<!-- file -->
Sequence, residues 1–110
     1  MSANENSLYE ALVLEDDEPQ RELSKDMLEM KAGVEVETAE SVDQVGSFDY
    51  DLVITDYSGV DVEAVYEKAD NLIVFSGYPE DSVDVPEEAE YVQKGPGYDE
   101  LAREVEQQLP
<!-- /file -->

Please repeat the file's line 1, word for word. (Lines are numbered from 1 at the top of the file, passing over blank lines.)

Sequence, residues 1–110